First Aid Bandaging Injuries and Wounds From Head to Toe

May 3, 2020

Care of wounds on the face
Facial skin is delicate and there are many blood vessels in the area, so if you cut or scrape your face, you may bleed profusely. If your facial injury bleeds, clean the area with soap and water to reduce the risk of infection. Apply pressure to the area with sterile gauze to stop the bleeding. Once the bleeding stops, you can leave the area uncovered if it is a minor cut or abrasion. If it gives you peace of mind, you can put a small bandage over the area. If the wound is deep, jagged, or more than half an inch in length, you may need stitches. If you are concerned about forming a scar, see your doctor immediately.

Avoid blisters
If your little blister hasn’t popped yet, you can leave it uncovered. It should heal without any extra help. However, if the blister is in an area where it is likely to rub, such as the bottom of your foot, cover it up. Choose a soft bandage that has some cushioning. Be sure to cover the broken blister to reduce the risk of infection. If the blister is on your toe, you can use a special toe bandage to better fit the area. The purpose of a blister bandage is not only to cover an area from infection, but also to reduce the risk of friction and rupture.

How do I care for sprains and strains?
Strains and sprains are common injuries, especially to the ankle. A sprain is an injured (stretched) or torn ligament. A strain is an injury to a tendon or muscle. This type of injury can cause pain and swelling. Doctors recommend icing the sprain or strain (to prevent the skin from freezing), wrapping it in a bandage, and elevating the injured area. If the injury is severe, physical therapy and surgery may be required.

Treatment of minor burns
Never try to treat serious burns yourself at home. Always seek medical attention for burns to the hands, feet, face or genitals. Do not try to treat burns more than 2 inches in diameter yourself. Seek medical help. To treat small, minor burns, rinse with cold water to lower the temperature of the affected skin. Apply a little antibiotic ointment to the affected area. Do not use oil, butter or powder on the burn. Put a special non-stick bandage on the burn area. Secure it with a bandage. Do not use a sticky bandage on the burn as it may cause more damage.

Closure of open wounds and incisions
Sometimes the wound is like a laceration in the skin. When this happens, it’s important to secure the sides of the wound together to help heal. As soon as the edges of the wound can be brought together, close the wound with a butterfly bandage. The butterfly bandage must be placed across the wound to keep the sides together. Depending on the length of the wound, you may need more than one butterfly bandage. If the wound is deep or is still bleeding after at least 15 minutes of pressure, seek medical attention. You may need help stopping the bleeding and stitching. If the wound is more than half an inch long, seek medical attention.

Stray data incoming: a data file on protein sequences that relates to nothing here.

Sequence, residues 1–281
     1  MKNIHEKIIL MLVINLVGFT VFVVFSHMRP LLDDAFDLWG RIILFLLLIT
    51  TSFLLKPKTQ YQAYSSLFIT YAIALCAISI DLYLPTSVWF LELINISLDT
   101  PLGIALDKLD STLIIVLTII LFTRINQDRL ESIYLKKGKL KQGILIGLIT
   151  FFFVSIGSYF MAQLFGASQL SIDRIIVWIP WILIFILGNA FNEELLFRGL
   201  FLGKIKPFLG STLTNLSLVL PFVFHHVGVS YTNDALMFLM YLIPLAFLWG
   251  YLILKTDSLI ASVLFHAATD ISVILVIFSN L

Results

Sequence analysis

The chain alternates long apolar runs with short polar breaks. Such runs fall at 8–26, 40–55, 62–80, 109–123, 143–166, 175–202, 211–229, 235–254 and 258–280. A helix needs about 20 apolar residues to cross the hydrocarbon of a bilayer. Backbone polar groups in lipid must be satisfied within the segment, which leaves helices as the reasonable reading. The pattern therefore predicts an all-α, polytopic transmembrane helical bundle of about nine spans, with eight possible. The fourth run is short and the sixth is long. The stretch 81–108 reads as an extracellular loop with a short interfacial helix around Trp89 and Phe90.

Keep an eye on the surgical wound
Care for the surgical incision so that it is clean and dry. Change the dressing as directed by the surgeon. Check the wound for signs of infection each time you remove the dressing. This includes redness and a yellowish or greenish discharge. An odor may also indicate infection.

Care for a bruised knee or elbow.
Large joints like knees and elbows can be difficult to cover, partly because they have a wide range of motion. If you have cuts or abrasions on your knees or elbows, use a large bandage or try a liquid bandage so you can move them easily. Special bandages with wings can also be used. Liquid bandages are good for wounds that have minor bleeding. They also help protect the wound from water and dirt. You only need to use the liquid bandages once. They are shower resistant, so you can shower with this material.

Covering awkward areas
Heels, fingers and knuckles are uniquely shaped and move frequently, so covering them with a bandage can be a challenge. Finger bandages and elastic bandages can both be used because they have plenty of room to move. Look for bandages that are shaped like an hourglass or a notch so they are easier to place over these tricky areas.

Covering large scratches
Large abrasions are best kept moist to support healing. You can do this by applying an antibiotic ointment or hydrocolloid bandage, or by closing the bandage. Clean the wound carefully and change the dressing regularly. Watch for signs of infection, such as redness, yellowish or greenish discharge or odor.

Special considerations for hands and feet
Your hands and feet are unique parts of your body because they are exposed to more dust than other parts of your body. Keep the wounds on your hands and feet covered. Adhesive bandages also help protect the injured area from socks and shoes that can irritate the wound. Change your bandages regularly, especially if they become dirty or wet. If you have puncture wounds or deep cuts on your hands or feet, seek medical assistance as soon as possible.

When to see a doctor
Certain cuts, abrasions, and wounds are severe enough to warrant a trip to the doctor. If you have a puncture wound, deep cut, or other wound that does not stop bleeding after a few minutes of pressure, seek medical help. Adults who have suffered these types of wounds should receive the tetanus vaccine if they have not been vaccinated against tetanus in the past 5 years. If your child has deep cuts or wounds, ask your pediatrician if a tetanus vaccine is needed. If the wound becomes red, painful or swollen, it is important to seek medical attention. Discharge and fever are also signs that you need to see a doctor.